An introduction to the tribes in Kenya. Here's also a general article about the
The Masai are the most famous tribe not only of Kenya, but of Africa as a whole. They have become an international symbol of African tribal life. But they are not the only one: there are between 40 and 70 tribes, depending on how you count.
One reason is that tribes have never been closed units: language, culture and appearance often overlap. Families often consist of members of different tribes, and it’s a matter of tradition whether a person’s tribe is determined by their fathers or mothers line. Another reason is that some ethnic groups are seen as subtribes and others as ‘main’ tribes. For example, the Rendille, Orma, Boran and Gabbra tribes are sometimes seen as a single tribe: the Oromo. To complicate matters further, different people use different spellings: Agikuyu instead of Kikuyu or Gikuky, Kamba instead of Akamba.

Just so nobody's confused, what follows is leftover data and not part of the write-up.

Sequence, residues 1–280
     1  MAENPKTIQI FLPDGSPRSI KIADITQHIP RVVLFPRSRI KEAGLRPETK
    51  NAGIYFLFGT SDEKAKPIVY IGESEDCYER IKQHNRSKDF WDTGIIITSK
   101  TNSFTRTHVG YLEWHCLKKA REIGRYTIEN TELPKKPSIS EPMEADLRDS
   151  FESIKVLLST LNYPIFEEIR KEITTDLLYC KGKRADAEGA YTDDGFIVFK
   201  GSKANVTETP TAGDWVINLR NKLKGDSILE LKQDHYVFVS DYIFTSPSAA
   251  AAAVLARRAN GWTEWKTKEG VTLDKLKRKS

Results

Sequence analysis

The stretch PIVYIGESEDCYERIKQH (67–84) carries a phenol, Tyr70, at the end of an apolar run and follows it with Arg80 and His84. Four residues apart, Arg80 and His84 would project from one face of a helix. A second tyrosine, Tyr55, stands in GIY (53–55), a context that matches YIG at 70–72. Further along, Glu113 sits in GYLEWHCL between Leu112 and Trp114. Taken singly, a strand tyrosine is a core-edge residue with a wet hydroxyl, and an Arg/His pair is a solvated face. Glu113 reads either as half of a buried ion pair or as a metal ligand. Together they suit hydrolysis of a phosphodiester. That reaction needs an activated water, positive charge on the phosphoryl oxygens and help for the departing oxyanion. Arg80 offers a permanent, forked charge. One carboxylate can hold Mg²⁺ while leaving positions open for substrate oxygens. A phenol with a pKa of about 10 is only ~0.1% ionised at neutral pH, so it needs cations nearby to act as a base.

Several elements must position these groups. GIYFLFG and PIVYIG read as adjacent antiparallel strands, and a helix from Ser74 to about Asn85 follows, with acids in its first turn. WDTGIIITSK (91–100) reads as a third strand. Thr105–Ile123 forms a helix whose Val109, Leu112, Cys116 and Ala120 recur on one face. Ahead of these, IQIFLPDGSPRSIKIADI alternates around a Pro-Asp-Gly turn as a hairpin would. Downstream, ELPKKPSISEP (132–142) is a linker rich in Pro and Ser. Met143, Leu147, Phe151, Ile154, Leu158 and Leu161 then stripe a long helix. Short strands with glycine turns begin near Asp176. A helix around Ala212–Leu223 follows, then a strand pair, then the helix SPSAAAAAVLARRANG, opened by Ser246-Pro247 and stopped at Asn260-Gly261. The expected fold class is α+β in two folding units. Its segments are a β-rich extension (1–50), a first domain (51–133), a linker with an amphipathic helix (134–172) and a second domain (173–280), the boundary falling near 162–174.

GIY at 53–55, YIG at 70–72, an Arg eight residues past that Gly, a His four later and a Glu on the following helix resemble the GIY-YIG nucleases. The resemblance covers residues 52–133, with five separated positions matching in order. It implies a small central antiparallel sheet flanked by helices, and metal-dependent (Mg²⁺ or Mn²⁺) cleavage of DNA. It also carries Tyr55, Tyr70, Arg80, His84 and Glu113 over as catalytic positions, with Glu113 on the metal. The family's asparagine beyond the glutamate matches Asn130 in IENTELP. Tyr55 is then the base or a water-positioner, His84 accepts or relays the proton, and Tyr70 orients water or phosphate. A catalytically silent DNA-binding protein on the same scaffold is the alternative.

Click here to watch a short video about the Masai:
The separation between tribes has also diminished because most tribes have adopted Western life styles. This especially goes for the biggest tribes: the Kikuyu (22%), Luo (11%) and Akamba (8%). The Kikuyu dominate politics and the economy. Especially the Masai, Turkana and Samburu peoples have largely kept their traditional lifestyles.
But to which tribe you belong is still the most important factor in social life. Political parties, for example, are largely based on tribe and less on ideology.
Language, however, is the main criteria for a tribe. There are three main language groups in which the tribes in Kenya can be divided:
However, most Kenyans speak at least three languages: their tribal language, Swahili (which has become a ‘lingua franca’ among a large part of East Africa) and English. Swahili (or Kiswahili) and English are the official languages of Kenya.
Search all the tribe articles on this site:
Short descriptions of the main tribes
I've considerably expanded the pages with short descriptions of Kenya tribes. Find them below. Please note that the beliefs and customs described in there, are the original customs. Some are still practiced while others are dissapearing in modern Kenya, where Western influences are on the rise like elsewhere.